58. THE BURMESE PEA-FOWL.
Pavo muticus, Linnaeus.
Feathers of the crest uniformly narrow, with no expansion at the tip.
MALE :—Back and rump with glossy scalelike green feathers.
FEMALE :—Back and rump with ordinary brown feathers, barred and mottled with buff.
Vernacular Names :—Doun, Oodoun, Burmese; Marait, Talain ; Toosia, Karen.
The Burmese Pea-Fowl takes the place of the Indian species, south of Assam. The meeting line of the two species is at present undetermined, but we know that on the west the range of the Burmese species extends up to Chittagong, in which district it appears to be the only Pea-Fowl; and that on the east this species is found abundantly at Myitkyina, high up on the Irrawaddy river. Our knowledge of the range of the two species in the country between Chittagong and Myitkyina is a blank. Mr. Hume unfortunately met with neither species in Manipur, so he was unable to throw any light on the distribution of these birds.
The Burmese Pea-Fowl occurs over every part of Burma down to the extreme south of Tenasserim. It is probably found also all over the Shan States. I observed it far from uncommon near Lashio.
Outside our limits this species is distributed over the Malay Peninsula, Siam, Cochin China and Java.
This Pea-Fowl is very locally distributed, and is by no means generally abundant. It affects particular localities to the exclusion of others which appear to be equally suitable to its habits. The places frequented by colonies of these birds are generally well known to the natives, for the birds remain there, constantly. In some parts of Upper Burma this Pea-Fowl is very abundant, and on some of the higher reaches of the Irrawaddy, above the third defile, large flocks may be seen in the mornings and evenings on the sandbanks and shingly margins of the river. I have counted as many as fourteen in one flock. Wherever this bird is found it is extremely shy, and it is not often secured with the shot-gun. The train of this Peacock commences to grow at the autumn moult, and by the end of November attains its greatest development. Magnificent trains may be observed in December. Throughout the greater part of the dry weather the train is preserved intact, but gradually the tips of the feathers get worn down and some of the feathers drop out, and by the commencement of the rains little of the train remains.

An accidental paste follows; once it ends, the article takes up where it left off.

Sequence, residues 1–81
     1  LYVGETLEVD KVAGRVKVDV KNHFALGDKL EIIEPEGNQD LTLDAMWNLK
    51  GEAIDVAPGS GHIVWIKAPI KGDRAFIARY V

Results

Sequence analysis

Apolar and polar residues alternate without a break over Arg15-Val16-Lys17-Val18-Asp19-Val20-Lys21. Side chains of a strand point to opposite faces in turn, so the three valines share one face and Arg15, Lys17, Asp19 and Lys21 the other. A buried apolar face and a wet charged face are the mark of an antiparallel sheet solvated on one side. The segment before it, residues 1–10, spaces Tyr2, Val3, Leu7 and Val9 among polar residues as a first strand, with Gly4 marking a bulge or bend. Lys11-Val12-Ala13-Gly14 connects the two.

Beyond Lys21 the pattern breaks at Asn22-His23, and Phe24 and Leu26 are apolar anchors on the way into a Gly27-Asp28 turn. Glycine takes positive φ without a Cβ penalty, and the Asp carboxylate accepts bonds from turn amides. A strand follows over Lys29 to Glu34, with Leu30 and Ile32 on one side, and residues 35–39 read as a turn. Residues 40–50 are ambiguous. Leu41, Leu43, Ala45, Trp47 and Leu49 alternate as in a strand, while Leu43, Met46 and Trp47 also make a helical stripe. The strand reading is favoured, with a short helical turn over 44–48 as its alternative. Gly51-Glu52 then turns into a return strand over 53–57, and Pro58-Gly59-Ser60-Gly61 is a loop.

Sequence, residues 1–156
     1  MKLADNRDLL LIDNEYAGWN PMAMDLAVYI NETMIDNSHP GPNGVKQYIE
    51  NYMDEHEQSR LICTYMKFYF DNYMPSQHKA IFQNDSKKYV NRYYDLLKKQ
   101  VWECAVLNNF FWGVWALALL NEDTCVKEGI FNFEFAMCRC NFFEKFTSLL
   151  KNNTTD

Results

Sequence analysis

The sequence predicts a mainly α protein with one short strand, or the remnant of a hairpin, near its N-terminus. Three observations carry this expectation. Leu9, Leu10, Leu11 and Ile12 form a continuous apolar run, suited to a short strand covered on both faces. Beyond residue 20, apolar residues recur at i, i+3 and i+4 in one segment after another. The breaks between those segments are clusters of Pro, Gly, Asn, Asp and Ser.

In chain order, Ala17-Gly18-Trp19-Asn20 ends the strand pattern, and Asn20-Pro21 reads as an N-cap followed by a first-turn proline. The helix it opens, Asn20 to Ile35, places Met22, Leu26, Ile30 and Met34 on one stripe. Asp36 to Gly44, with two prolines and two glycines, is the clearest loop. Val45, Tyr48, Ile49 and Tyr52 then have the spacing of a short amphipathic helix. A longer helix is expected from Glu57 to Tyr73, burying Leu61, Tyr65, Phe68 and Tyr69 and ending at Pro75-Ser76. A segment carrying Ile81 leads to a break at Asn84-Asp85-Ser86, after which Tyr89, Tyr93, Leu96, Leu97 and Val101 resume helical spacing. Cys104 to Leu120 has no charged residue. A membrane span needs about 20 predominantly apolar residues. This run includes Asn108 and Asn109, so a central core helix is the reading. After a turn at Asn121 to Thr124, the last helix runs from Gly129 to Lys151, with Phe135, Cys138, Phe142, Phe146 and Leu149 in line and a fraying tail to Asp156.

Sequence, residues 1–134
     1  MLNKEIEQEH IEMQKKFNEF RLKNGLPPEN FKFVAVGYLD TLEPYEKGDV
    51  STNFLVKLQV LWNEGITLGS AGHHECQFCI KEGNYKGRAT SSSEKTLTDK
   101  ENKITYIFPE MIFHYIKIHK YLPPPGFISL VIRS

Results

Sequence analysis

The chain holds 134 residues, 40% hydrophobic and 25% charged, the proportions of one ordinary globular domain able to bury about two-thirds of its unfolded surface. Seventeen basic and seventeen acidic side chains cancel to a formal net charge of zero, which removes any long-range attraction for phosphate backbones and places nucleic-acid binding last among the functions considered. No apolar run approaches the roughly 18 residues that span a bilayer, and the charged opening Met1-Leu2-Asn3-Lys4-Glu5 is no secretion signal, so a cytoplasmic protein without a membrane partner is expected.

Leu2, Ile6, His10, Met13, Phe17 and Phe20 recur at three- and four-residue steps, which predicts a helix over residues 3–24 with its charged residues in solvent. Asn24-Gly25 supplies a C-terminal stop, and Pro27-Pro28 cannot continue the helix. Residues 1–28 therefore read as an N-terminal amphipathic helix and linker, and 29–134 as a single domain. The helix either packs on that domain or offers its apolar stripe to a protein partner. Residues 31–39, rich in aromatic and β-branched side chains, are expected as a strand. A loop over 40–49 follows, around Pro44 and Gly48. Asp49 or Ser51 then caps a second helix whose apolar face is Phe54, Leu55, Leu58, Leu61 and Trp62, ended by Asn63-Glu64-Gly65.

I have never been able to obtain any information regarding the nesting of Pea-Fowl in Burma, and I have never had any of their eggs brought to me.
The Burmese Pea-Fowl differs from the Indian species in many important particulars, both as regards the plumage nd the shape of the crest.
In the Burmese bird the head alone is blue. The whole neck and the upper part of the mantle and breast are covered with rounded scale-like feathers of a greenish bronze colour, each feather having a purplish centre and a narrow black margin. The first ten quills and their coverts are chestnut, but all the remaining quills are black or dark brown, The wing coverts, except those mentioned above, are green and purple, but not barred with black and buff as in the Indian species. The other parts of the plumage closely resemble the corresponding parts in the Indian Peacock.
The Peahen resembles the Peacock in the colour of those parts described above, except that the inner feathers of the wing are barred and mottled with buff. She differs from the male, however, in having the whole back and rump brown barred with buff, the brilliant scale-like feathers of the male on those parts being entirely absent.
The length of the male to the end of the tail is about 45; the total length to the end of the train is sometimes 90; wing about 19; tail about 22. The female measures about 40 in length ; wing about 17; tail about 16. Legs dark brown; irides dark brown; bill blackish; naked skin of face partly blue, partly yellow. Weight up to 11 lb.